For years, the pair had peddled nostrums and other miracle cures to unsuspecting “rubes,” but after Mr. Proulx’s newest scheme turns deadly, Ruby must flee Canada and hope the aunt she never knew will take her in. Her Aunt Honoria’s establishment, the Hotel Belden, is a haven for Spiritualist seekers, a fact that could prove tempting for a young woman who’s an expert fraudster. “If I had not promised myself to go straight, the temptation to feign psychic ability would have been overwhelming,” Ruby admits.
Ruby’s narrative voice is an engaging mix of youthful vitality and not-quite-innocence, and she herself hears a voice that guides her at opportune moments. However, she’s never been comfortable with her clairaudient ability and isn’t sure whether to trust it or anyone. She worries her past will catch up with her. The cast is large, ranging from the diverse psychic practitioners and servants employed by the hotel, their guests, local police and businessmen, and the Indians who travel from the Canadian Maritimes every summer and make a living from the tourist trade. The setting feels realistic and draws readers into a world of parasols, bathing costumes, and social calls, plus grimmer realities like a late 19th-century version of gentrification.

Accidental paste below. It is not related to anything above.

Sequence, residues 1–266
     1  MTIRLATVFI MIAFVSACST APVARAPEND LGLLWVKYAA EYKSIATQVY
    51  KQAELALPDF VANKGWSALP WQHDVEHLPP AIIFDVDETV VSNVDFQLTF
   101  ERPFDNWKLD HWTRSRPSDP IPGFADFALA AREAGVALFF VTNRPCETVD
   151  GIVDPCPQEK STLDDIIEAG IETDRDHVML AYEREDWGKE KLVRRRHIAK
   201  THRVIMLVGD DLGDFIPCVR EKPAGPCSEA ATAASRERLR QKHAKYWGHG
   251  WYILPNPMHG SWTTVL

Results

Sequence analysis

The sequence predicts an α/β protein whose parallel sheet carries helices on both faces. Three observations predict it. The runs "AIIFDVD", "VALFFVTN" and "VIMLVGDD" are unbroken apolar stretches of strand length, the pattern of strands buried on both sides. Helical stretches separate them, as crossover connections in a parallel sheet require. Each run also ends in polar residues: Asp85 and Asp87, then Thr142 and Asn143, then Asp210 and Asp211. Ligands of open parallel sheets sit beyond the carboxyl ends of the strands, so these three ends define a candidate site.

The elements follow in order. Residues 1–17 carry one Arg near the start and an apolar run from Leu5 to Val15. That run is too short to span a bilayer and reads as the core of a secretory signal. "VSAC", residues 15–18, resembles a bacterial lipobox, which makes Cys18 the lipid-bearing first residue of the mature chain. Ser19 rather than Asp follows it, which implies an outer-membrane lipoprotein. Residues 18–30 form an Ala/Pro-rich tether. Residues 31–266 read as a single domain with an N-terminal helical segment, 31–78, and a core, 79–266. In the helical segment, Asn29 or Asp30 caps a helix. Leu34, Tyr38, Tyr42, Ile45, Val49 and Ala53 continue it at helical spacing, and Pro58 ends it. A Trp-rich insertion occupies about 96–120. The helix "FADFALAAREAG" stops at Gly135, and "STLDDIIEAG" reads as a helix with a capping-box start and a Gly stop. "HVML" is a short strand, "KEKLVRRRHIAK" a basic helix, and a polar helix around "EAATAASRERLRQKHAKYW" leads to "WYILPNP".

The first half concerns Ruby’s quest for belonging and the search for a pickpocket who attacked her when she first arrived in Maine. The real crime happens quite late in the story, but clues are carefully planted for readers to find, and the ending leaves sufficient threads for the next volume.
Whispers Beyond the Veil, first in the A Change of Fortune mystery series, was published by Berkley in September. This review first appeared in the Historical Novels Review's November issue. Thanks to the publisher for approving my NetGalley access.